If a parent made the sort of argument you talked about (they should be the default) and the kid doesn't object, so they decided to use they (who's the they using they? the kid, the parents, both? damn pronouns), then that's reasonable.

    What I very much dislike though is trying to frame it like it was the kid's independent choice. I'm sure in all of the world, some four year olds did go up to their parents and say 'I'd prefer to be referred to with they instead of s/he', but I imagine the vast majority of parents who make that kinda statement aren't being very truthful.

    5 votes
  3. eladnarra
    Link
    From what I gather, by age four kids generally have ideas about their own gender. (Obviously this will vary, which can be seen in trans people's stories. Some folks describe knowing very...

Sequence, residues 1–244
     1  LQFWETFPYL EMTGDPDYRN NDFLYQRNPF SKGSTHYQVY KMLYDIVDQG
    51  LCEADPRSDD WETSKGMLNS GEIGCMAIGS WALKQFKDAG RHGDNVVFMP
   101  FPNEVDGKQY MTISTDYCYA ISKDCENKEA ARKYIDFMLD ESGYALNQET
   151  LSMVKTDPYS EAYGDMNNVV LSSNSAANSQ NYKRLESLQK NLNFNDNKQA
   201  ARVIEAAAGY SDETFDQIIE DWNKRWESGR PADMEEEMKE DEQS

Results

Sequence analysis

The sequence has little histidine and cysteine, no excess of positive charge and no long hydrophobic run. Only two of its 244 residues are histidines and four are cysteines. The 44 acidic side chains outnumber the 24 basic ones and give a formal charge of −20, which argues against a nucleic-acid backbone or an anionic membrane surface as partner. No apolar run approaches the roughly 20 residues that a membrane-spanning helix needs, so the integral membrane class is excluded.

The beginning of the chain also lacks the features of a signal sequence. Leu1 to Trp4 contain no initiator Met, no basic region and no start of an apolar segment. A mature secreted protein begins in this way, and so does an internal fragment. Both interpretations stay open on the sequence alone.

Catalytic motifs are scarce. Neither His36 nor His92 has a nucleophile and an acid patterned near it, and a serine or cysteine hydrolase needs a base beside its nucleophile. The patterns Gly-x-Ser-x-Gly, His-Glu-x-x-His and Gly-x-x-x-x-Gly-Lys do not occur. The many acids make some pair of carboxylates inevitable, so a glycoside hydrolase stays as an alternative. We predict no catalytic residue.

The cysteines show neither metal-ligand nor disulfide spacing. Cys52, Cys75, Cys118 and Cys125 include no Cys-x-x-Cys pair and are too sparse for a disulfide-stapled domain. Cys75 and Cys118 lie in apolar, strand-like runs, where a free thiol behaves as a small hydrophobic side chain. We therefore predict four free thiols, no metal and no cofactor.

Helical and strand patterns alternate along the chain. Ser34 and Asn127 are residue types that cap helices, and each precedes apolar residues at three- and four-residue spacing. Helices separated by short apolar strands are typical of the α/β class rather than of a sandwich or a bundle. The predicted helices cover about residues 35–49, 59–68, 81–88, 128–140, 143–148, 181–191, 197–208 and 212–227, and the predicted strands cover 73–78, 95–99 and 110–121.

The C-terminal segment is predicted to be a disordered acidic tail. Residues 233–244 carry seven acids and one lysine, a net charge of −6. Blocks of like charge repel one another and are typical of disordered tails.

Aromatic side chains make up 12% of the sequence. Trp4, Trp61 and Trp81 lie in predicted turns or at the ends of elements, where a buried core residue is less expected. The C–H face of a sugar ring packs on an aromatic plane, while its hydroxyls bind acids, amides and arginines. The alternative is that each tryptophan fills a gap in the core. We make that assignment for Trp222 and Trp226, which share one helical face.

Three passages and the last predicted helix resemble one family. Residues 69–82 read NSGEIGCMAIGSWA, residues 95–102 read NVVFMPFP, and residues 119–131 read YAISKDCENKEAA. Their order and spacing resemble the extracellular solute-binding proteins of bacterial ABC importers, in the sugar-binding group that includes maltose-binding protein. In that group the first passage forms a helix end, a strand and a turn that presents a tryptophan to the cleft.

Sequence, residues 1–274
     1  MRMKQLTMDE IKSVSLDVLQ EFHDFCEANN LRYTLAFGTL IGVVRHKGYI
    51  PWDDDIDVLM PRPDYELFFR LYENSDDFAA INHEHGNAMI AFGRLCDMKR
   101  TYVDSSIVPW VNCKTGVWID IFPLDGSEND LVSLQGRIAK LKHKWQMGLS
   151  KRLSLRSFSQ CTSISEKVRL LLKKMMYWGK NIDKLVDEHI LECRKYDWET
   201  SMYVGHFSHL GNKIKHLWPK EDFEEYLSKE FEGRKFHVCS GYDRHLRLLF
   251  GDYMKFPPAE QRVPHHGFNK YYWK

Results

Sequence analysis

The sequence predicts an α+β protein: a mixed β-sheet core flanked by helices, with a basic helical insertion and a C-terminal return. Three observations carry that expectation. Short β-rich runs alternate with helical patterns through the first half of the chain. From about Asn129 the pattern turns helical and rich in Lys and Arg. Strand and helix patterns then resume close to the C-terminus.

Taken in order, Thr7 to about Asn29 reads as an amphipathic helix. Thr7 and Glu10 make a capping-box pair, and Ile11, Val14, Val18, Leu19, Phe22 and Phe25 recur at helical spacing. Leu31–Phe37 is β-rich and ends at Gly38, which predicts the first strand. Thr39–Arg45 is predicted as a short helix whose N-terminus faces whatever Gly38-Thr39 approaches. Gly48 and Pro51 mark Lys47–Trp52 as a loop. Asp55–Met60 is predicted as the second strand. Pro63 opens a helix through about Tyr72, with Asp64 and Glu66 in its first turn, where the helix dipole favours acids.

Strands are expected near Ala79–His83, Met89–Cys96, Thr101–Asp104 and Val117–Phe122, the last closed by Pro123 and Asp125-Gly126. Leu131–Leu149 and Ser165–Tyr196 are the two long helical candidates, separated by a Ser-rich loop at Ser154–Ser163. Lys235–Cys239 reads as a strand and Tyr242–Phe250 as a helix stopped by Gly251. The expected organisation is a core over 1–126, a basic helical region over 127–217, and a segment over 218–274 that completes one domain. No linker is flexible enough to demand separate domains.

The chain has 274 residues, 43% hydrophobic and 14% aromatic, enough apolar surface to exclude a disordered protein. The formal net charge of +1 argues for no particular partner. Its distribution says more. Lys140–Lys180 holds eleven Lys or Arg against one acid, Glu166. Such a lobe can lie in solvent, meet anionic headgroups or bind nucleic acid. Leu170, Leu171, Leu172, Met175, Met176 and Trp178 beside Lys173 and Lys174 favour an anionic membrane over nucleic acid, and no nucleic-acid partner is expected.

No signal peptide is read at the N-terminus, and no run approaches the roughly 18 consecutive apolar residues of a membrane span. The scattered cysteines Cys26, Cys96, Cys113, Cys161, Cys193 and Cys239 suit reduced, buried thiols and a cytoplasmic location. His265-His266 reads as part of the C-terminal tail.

I can't help but feel like the parents are putting words in their kid's mouth, projecting a non-binary assumption onto a minor who lacks the cognitive and emotional maturity to manage it in any meaningful way.

    From what I gather, by age four kids generally have ideas about their own gender. (Obviously this will vary, which can be seen in trans people's stories. Some folks describe knowing very concretely from a very early age, while others describe it taking a while to figure it out, even decades.)

    So this may be unintentional projecting on the part of the parents, or it may simply be that the kid is more able to express they want to use "they" pronouns because their parents talk about gender and pronouns, which has given the child the words to describe something they might not otherwise be able to explain until later.